Q & A on the Rationalization Process
These questions and answers are supplied as information about the proposed rationalization process for Michigans roads (the "jurisdiction" issue).
Q. When did we start working on the "rationalization" process?
A. During the summer of 1997, and through the leadership of Governor John Engler, the Michigan legislature passed much of the comprehensive "Build Michigan II" plan, which was the most sweeping transportation package introduced in 50 years. This plan provided for an increased investment in Michigans roads of $300 million per year. Additionally, we are still on target to get roughly an additional $200 million increase in federal aid for Michigan through the reauthorization of ISTEA at the federal level. At the center of the Build Michigan II plan was the proposal to reform the system and redefine responsibility for Michigans primary roads between all public road agencies in the state (M·DOT, counties, cities/villages). This redefinition of responsibilities has been referred to by the department as the "rationalization" process for Michigans roads.
Q. What do you mean when you call it the "rationalization" of our roads?
A. Our current system of dividing road responsibility is balkanized, at best. The rationalization process will make more sense out of the more than a dozen functional classifications for roads in the state. What M·DOT proposes is that we take a close look at all of Michigans roads, update the functional classification of these roads, and then ask which unit of government is the most appropriate to maintain each of these roads. This "technical review" of the system is the first step in the rationalization process.
Michigans system of dividing up responsibilities for roads dates back to the late 1800's. There have been many changes in Michigan in the last one hundred years, and we should periodically review and revise our system of assigning responsibility for our roads. Jurisdictional changes have been made in a piecemeal fashion over the years, and this is a unique opportunity for us to engage in a comprehensive review of the system.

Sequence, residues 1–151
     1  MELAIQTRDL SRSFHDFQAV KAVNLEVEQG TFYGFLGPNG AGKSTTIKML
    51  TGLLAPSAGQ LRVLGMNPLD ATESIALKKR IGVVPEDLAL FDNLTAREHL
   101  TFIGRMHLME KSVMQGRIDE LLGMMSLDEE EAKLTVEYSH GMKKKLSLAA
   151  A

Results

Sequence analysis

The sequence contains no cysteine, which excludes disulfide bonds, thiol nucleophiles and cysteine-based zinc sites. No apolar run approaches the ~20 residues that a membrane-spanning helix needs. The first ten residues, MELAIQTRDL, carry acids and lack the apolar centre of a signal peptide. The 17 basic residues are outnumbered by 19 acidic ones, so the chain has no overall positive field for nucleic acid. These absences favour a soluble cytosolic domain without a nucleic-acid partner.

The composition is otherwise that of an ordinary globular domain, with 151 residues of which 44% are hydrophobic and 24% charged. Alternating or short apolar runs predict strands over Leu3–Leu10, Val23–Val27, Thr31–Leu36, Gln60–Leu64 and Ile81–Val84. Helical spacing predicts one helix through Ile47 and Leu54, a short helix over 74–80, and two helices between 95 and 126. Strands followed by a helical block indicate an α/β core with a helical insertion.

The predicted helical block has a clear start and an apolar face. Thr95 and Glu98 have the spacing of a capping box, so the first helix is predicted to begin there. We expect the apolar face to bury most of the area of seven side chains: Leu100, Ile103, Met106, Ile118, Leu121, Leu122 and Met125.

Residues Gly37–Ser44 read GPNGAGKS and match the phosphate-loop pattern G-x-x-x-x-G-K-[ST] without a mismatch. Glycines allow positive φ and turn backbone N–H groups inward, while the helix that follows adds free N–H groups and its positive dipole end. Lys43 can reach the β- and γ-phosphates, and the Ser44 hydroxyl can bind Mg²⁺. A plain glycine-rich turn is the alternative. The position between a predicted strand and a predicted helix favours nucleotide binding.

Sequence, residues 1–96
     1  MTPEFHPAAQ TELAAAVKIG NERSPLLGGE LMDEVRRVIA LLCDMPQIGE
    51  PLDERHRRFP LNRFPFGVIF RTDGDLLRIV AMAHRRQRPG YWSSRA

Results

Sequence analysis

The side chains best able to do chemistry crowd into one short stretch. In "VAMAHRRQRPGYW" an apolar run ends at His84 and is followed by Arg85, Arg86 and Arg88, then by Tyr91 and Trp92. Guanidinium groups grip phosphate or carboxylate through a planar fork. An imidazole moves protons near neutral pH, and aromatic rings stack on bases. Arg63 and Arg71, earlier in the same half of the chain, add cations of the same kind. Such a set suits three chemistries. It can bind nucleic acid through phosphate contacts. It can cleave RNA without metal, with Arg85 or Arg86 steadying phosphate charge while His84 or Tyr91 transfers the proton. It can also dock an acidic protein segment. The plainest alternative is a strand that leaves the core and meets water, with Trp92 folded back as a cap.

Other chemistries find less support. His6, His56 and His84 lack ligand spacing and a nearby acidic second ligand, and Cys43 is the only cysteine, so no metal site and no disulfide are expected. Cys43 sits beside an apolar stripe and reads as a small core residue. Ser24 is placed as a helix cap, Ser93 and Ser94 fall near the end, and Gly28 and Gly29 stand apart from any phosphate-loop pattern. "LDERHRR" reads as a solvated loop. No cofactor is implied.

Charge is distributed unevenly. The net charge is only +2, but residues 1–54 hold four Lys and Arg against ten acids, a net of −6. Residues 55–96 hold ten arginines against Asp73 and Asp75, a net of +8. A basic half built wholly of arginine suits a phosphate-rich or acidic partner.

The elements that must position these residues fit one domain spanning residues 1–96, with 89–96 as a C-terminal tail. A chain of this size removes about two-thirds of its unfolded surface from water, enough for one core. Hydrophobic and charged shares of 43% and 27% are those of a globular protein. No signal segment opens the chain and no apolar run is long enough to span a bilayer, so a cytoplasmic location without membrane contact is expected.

Q. Why do we even need to discuss who has responsibility for Michigans roads?
A. The funding distribution formula in Public Act 51, the state law that divides funding for Michigans public road agencies, will "sunset," or expire, on September 30, 1998. As part of the "Build Michigan II" plan approved by the legislature in the summer of 1997, a law was passed requiring public road agencies to come to a voluntary agreement on a new funding distribution formula to replace the current formula in Act 51 no later than September 30, 1998. A provision of this bill is that all local road agencies will experience a 20% reduction in state funding if a new funding distribution formula is not agreed upon by that date. Prior to determining a new funding formula, it makes sense to conduct this technical review and re-assign responsibility for Michigans most important roads.
Q. What to you mean by a "re-definition of responsibility" for Michigan roads?